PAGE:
• PHIL 102: Logic & Reasoning. Especially helpful for students who have yet to take the LSAT, as two sections of the LSAT are based on Logical Reasoning.
  • PHIL 104/105: Intro to Ethics.  Basic exploration of ethics, including the relationship between social morality and the law.
  • PHIL 436: Philosophy of Law and the State. Explores broad philosophical legal issues.

Political Science options to gain a foundational understanding of our legal system and its role within broader political structures include:

  • PS 220/321: Intro to Public Policy/Principles of Public Policy
  • PS 301/302: US Constitution I &II are both helpful primers for law school
  • PS 303/313: The US Congress/Congress and Foreign Policy
  • PS 280: Intro to International Relations

PSYC 341: Advanced Community Projects. Gaining experience with clients in a human services context can build client-related skills as well as introducing students to the legal needs of a community or a specific population.

Sociology has introduced its Criminology, Law and Society minor. These courses may be helpful for students exploring criminal legal issues and crime in society, such as:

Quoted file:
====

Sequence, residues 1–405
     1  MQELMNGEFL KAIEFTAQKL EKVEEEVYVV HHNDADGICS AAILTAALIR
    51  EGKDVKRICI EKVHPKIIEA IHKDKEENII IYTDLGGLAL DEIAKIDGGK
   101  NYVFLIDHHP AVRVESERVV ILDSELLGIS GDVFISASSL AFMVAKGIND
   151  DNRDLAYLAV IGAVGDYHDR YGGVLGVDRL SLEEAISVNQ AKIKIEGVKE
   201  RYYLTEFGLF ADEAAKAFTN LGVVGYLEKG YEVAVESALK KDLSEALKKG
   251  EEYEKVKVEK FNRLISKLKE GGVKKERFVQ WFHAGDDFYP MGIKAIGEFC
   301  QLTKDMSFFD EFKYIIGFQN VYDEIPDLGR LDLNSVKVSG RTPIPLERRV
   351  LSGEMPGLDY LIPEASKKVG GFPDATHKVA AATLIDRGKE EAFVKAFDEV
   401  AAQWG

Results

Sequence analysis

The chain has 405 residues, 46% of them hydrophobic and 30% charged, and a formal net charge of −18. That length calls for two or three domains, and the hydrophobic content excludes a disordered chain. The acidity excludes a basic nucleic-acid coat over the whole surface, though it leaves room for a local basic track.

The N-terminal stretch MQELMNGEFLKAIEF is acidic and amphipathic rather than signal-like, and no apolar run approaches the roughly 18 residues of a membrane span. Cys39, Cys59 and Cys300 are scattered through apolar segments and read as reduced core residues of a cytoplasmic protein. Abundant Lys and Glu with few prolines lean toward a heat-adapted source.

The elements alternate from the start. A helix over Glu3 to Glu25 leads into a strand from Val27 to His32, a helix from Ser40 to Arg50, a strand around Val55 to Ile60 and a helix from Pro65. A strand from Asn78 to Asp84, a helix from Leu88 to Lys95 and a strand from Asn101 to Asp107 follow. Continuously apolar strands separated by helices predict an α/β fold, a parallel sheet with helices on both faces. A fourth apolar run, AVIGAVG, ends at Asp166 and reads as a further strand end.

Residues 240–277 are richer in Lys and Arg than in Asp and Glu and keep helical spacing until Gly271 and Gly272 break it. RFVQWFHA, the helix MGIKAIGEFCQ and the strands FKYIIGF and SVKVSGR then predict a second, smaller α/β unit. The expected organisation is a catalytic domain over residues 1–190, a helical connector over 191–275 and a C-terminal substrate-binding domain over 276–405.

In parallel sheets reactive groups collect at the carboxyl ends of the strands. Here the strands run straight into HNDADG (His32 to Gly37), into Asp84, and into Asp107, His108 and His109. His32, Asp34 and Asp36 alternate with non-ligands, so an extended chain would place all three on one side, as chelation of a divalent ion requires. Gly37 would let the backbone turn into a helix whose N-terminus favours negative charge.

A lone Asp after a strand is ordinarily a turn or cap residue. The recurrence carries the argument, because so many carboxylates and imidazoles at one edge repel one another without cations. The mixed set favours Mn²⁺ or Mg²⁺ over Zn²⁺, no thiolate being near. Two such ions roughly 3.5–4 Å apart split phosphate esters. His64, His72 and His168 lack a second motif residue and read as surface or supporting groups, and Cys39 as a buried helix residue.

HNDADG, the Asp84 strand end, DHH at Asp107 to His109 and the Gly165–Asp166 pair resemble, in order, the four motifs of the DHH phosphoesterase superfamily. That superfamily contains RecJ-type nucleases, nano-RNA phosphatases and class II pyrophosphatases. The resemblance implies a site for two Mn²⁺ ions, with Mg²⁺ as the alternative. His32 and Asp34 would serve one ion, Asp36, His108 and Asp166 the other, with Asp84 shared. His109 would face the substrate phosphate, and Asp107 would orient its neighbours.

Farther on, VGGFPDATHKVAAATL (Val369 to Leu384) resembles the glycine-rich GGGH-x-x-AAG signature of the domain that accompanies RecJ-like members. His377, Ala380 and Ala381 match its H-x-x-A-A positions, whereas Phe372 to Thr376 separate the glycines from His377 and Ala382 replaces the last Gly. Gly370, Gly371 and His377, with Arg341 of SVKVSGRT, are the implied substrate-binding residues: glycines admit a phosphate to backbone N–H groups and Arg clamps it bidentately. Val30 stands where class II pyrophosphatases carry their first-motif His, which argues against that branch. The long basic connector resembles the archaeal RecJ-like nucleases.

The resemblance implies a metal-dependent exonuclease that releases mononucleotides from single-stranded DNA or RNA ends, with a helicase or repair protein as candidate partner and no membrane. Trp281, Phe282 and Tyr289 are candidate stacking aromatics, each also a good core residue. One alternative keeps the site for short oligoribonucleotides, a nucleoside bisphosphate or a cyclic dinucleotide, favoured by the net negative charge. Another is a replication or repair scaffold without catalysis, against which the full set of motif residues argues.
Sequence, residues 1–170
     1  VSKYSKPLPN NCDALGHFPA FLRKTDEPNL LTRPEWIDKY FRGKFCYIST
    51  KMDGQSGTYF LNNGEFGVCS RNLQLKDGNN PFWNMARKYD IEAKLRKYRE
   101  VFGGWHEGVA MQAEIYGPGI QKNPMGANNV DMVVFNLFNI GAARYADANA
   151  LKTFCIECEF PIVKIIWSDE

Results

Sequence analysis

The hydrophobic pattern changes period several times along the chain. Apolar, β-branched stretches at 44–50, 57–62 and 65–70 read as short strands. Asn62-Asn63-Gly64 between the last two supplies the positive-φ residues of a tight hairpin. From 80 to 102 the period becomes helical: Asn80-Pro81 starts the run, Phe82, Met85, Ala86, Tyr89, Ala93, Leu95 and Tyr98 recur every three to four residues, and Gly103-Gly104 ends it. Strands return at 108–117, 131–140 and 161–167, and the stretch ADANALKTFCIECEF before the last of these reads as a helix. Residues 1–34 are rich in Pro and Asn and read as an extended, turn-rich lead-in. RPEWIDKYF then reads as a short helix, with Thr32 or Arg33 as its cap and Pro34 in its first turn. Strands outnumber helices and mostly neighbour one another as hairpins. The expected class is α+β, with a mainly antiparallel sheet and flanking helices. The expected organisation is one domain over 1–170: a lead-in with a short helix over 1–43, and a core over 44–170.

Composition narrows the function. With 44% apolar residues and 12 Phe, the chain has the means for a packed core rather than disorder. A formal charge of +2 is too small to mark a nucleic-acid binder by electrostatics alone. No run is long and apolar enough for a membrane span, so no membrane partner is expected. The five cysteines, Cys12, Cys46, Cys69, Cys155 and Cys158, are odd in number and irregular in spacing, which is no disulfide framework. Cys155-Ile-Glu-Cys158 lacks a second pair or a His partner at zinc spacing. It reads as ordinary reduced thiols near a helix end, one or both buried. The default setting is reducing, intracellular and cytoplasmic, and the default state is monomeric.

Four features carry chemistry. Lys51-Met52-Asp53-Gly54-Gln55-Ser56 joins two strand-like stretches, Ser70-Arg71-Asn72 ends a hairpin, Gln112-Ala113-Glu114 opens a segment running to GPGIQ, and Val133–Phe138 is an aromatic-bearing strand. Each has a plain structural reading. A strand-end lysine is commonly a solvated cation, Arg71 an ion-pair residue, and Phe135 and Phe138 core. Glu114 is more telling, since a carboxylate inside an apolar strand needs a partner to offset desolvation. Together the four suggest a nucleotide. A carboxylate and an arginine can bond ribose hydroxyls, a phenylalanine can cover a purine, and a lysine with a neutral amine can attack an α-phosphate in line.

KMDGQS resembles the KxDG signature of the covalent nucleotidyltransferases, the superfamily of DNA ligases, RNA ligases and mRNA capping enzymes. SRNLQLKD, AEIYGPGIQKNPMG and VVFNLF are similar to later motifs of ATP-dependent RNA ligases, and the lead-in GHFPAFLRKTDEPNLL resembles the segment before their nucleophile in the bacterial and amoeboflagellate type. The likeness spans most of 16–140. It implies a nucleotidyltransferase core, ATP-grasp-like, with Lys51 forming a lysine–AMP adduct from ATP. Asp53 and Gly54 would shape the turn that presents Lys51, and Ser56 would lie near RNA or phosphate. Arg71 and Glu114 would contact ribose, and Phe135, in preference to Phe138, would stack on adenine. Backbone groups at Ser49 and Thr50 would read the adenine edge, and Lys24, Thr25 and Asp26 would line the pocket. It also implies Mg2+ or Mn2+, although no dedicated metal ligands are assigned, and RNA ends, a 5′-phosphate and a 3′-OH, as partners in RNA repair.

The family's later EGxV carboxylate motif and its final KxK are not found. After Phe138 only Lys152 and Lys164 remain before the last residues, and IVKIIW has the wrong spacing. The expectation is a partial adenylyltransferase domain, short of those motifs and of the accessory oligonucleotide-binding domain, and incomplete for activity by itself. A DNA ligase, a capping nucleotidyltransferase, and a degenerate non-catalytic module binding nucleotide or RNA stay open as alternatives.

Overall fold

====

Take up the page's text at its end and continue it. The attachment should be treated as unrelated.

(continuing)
• SOC 226: Political Sociology
  • SOC 275: Criminology
  • SOC 378: Law and Society

Other courses to explore different areas of law include the following. Some have restrictions; check Course Explorer.

  • ACE 403: Agricultural Law
  • JOUR 311: Media Law
  • RST 354: Legal Aspects of Sport
  • SE 400 Engineering Law
  • GEOG 210: Social & Environmental Issues
  • UP 211: Local Planning, Government and Law

Business classes can provide a helpful foundation for those interested in corporate careers, however, most are restricted to College of Business majors or minors. Some courses will release any leftover seats after a restricted period; check Course Explorer for more details.

  • BADM 300 Legal Environment of Business
  • BADM 303 Principles of Public Policy–also cross-listed as PS 321.
  • BADM 314 Leading Negotiations

Remember that these are only suggestions.  Further, this is not intended to be an exhaustive list. There are many other great courses described in the Course Explorer, some of which have prerequisites but are still open to undergrads. Do your own research and talk with your academic advisor to identify other good options.